Cooking the Chicken & Vegetables

As usual, I made many of alterations to the recipe, but the dish turned out quite scrumptious, much to my delight and satisfaction. My husband liked it so much, he went back for seconds. He’s a pretty picky eater, so that’s certainly saying something. Please keep in mind that this is a sweet mild curry, so you may have to adjust the flavors to more of your liking; check out Sadie’s blog entry on the blue-box curry roux for some suggestions. Surprisingly with all of the extra meat and vegetables, the curry sauce was still rather thin in consistency. I used the same cooking techniques as described in the directions and decided not to add a thickener (like corn or arrowroot starch) on the first try, since the mix already contained some. Another option is to let some of the water evaporate rather than cooking the meat and vegetables so long with the cover on. Regardless of the outcome, the meal was a success and a learning experience.

Red-Label Curry no Ohji-Sama with Chicken & Mixed Vegetables
Adapted from the instructions on the back of the package
As stated above, this dish already includes enough carbohydrates, so do not serve this with a white rice. If you want to serve it along side or over something, I suggest something with fiber, for instance more vegetables (broccoli or cauliflower) or a seed-like “grain” (quinoa, millet or buckwheat) as a side.

Serves 6Curry no Ohji-Sama With Chicken & Vegetables

Ingredients
Extra Virgin Olive Oil
1 Medium Yellow Sweet Onion, peeled, trimmed, coarsely chopped
1 Head Garlic, peeled, trimmed, coarsely chopped
2 Medium Boneless, Skinless Chicken Breasts, cut into 1″ cubes
2 Medium Carrots, trimmed, sliced into 1/2″ pieces
2 Purple Potatoes (any variety), coarsely chopped
1 – 2 Chioggia or Red Beets, trimmed, coarsely chopped
2 Stalks Celery, diagonally sliced into 1/2″ pieces
1 Broccoli Head and Stem, trimmed, coarsely chopped
2 C Baby or Dinosaur Kale, stemmed, torn into bite-size pieces
2 C Carrot Greens, stemmed, optional
1/4 – 1/2 C Enoki Mushrooms, trimmed, left long or quartered
2 1/2 C Filtered Water
1/2 pkg Red Label Curry no Ohji-Sama Roux, finely chopped
Rice Wine Vinegar, optional
Sweet Paprika, to taste, optional

Directions
Saute the onions and garlic until the onions are soft and translucent in a large lightly oiled pan over medium heat (I used my Misto to spray on the olive oil). Mix in the carrots, beets and potatoes, stirring occasionally. Cook this mixture until the carrots are slightly soft.  Add the water, broccoli and celery. Bring the liquid to a boil. Cover and reduce the heat to a simmer. Cook the mixture for about 15 minutes or until the vegetables become tender. Remove the pan from the heat. Add the kale, greens and mushrooms. Fold in the curry roux, half at a time. Cover and return the pan to the heat. Simmer the curry for 5 minutes, stirring occasionally until the roux is evenly distributed. Taste the dish, add more paprika (and or other spices) to taste. Serve the curry either on top of an accompanying vegetable in bowl. Be sure to ladle on some extra sauce if you like.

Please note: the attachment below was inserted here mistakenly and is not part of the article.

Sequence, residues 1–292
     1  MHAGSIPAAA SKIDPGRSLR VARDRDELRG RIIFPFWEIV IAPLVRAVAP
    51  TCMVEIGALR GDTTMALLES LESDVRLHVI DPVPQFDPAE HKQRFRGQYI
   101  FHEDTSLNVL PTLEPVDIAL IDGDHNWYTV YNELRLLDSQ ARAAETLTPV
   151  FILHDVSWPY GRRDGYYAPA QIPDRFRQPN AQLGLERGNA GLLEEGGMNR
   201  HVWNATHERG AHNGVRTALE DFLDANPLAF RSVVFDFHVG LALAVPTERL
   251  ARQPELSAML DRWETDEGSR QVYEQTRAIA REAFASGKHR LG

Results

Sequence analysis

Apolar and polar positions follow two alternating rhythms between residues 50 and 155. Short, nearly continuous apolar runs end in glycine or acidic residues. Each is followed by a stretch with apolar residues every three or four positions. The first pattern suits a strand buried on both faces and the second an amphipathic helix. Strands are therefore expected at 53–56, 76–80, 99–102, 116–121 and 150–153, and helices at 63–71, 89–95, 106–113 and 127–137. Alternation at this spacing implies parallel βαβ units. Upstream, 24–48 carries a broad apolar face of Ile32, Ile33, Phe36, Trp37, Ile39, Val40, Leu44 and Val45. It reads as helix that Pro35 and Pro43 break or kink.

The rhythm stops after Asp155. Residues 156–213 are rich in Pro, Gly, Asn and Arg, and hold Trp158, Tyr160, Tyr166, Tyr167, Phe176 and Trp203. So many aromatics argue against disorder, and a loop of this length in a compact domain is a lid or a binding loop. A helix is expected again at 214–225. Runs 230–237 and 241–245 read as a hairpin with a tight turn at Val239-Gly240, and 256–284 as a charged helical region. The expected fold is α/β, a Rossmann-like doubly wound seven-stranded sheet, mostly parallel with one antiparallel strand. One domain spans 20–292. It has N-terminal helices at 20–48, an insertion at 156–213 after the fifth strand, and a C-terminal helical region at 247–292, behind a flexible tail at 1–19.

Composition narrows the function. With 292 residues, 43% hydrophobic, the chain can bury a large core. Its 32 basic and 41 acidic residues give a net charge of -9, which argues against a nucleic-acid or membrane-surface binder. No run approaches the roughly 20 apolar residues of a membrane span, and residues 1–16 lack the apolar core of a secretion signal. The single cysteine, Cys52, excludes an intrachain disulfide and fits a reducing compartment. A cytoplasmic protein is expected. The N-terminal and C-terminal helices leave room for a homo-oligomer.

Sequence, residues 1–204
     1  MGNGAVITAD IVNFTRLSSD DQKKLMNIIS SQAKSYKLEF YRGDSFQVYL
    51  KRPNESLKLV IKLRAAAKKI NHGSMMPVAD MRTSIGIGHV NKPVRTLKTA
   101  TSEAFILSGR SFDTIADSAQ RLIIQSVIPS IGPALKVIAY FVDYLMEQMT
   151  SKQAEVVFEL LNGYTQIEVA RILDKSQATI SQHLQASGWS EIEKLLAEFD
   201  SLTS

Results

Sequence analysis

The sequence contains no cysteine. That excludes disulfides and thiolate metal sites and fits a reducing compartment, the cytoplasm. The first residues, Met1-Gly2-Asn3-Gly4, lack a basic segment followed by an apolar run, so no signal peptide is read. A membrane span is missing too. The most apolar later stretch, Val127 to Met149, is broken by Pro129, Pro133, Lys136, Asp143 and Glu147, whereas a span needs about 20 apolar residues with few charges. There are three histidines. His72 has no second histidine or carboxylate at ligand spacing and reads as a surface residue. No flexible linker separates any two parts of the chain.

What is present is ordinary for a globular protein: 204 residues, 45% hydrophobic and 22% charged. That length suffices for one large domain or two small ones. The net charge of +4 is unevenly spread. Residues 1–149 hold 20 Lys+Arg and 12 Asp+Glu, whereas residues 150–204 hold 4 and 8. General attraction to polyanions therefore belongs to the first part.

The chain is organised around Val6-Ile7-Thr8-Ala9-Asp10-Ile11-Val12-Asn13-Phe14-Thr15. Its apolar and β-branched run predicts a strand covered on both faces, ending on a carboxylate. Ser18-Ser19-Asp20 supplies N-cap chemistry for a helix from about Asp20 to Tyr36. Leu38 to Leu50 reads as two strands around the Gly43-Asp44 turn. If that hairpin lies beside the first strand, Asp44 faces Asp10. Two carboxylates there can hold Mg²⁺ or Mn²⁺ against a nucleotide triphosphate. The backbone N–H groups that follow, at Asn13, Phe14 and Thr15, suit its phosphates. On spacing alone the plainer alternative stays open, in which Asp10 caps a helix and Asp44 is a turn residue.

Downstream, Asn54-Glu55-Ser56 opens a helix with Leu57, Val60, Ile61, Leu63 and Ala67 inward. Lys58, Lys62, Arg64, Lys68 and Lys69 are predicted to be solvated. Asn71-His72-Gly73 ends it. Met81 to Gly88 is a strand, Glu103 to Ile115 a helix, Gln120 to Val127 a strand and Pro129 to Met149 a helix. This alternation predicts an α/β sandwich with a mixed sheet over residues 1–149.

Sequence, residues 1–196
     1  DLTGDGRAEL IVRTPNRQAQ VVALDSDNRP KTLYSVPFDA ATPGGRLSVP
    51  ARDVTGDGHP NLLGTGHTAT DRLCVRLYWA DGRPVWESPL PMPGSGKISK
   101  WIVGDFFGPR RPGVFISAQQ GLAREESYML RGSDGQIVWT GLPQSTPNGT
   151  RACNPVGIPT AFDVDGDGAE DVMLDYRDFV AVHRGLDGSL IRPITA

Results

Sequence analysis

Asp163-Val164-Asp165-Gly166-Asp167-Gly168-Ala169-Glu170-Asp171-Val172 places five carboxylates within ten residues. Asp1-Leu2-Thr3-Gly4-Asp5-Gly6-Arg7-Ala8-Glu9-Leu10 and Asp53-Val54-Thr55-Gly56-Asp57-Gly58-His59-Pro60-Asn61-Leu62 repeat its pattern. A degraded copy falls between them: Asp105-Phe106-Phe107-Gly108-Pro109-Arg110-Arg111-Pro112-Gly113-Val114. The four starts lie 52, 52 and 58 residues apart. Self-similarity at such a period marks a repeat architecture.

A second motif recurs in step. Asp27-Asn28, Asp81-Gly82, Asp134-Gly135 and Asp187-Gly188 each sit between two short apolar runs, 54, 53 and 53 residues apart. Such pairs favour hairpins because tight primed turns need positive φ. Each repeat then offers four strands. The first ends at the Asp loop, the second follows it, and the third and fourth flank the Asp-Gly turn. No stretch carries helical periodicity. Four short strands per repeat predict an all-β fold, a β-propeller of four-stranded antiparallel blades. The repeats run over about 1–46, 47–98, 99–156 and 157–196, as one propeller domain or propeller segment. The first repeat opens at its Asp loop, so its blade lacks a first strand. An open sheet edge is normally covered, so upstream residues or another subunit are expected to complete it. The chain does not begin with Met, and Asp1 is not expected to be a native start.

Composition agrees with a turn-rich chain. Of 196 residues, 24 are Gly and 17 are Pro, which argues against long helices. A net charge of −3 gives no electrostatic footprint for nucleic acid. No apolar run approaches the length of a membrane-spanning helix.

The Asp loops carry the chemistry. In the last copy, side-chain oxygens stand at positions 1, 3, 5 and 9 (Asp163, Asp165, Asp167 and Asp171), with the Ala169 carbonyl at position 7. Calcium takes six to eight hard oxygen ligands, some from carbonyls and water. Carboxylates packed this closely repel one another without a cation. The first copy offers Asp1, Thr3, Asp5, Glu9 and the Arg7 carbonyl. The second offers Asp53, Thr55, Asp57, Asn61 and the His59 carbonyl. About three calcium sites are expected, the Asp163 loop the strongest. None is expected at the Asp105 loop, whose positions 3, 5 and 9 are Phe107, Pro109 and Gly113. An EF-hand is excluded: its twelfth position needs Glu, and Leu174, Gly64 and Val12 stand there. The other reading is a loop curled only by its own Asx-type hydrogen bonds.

I served this dish along side a tossed green side salad drizzled with a tasty miso sesame dressing.

Cooking the Chicken & Vegetables

Elderberry Balsamic Lamb Chops

It is so nice to have had the opportunity to enjoy lamb two weeks in a row. What a rare treat! In this recipe, my husband cooked up the last of the lamb that I lucky to get on the cheap at the San Francisco Basque Club‘s annual picnic this year. I am so glad that our tastes are diverse; he picked out a more European-centric recipe. It was rather gourmet in my mind and very tasty.

Elderberry Balsamic Lamb Chops

Elderberry Balsamic Lamb Chops
Adapted from the recipe, Fresh Herb Balsamic Lamb Chops, found at Cooking in Sens
Yields: 6 Servings

Ingredients
2 Racks of 8 lamb chops
2 1/2 T Fresh Rosemary, chopped
2 1/2 T Fresh Thyme, chopped
2 1/2 T Fresh Basil, chopped
Sea Salt, to taste
Peppercorns, fresh ground, to taste
3 T Extra Virgin Olive Oil
5 – 6 Scallions, trimmed, chopped
2 Cloves Garlic, peeled, trimmed, chopped
3/4 C Elderberry White Balsamic Vinegar*
1 3/4 C Chicken Broth or Stock
2 1/2 T Earth Balance Spread or Extra Virgin Olive Oil, room temperature

Directions
Rub the lamb chops with herbs, salt and pepper. Let the meat rest 30 minutes.

With the olive oil in a medium pan, sear the meat for 2 minutes per side over medium heat in order to add color and release flavor. It is alright if the meat blackens a little. Set aside.

Add the scallions and/or garlic to the pan to saute until softened. Add the vinegar and broth, boiling and stirring until the liquid is reduced by half. Remove from the heat, and stir in the spread or oil. Return the lamb to the pan. Coat the lamb chops in the reduction. Serve and enjoy.

*You can use aged balsamic or another gourmet balsamic vinegar of your choosing, keeping the flavors in mind.

Note: If possible, try to get local lamb to ensure freshness. Although these were a steal and rather tasty, I wish they were not flown in all the way from New Zealand to become our dinner in California. The money did, however, go towards a good cause and local organization.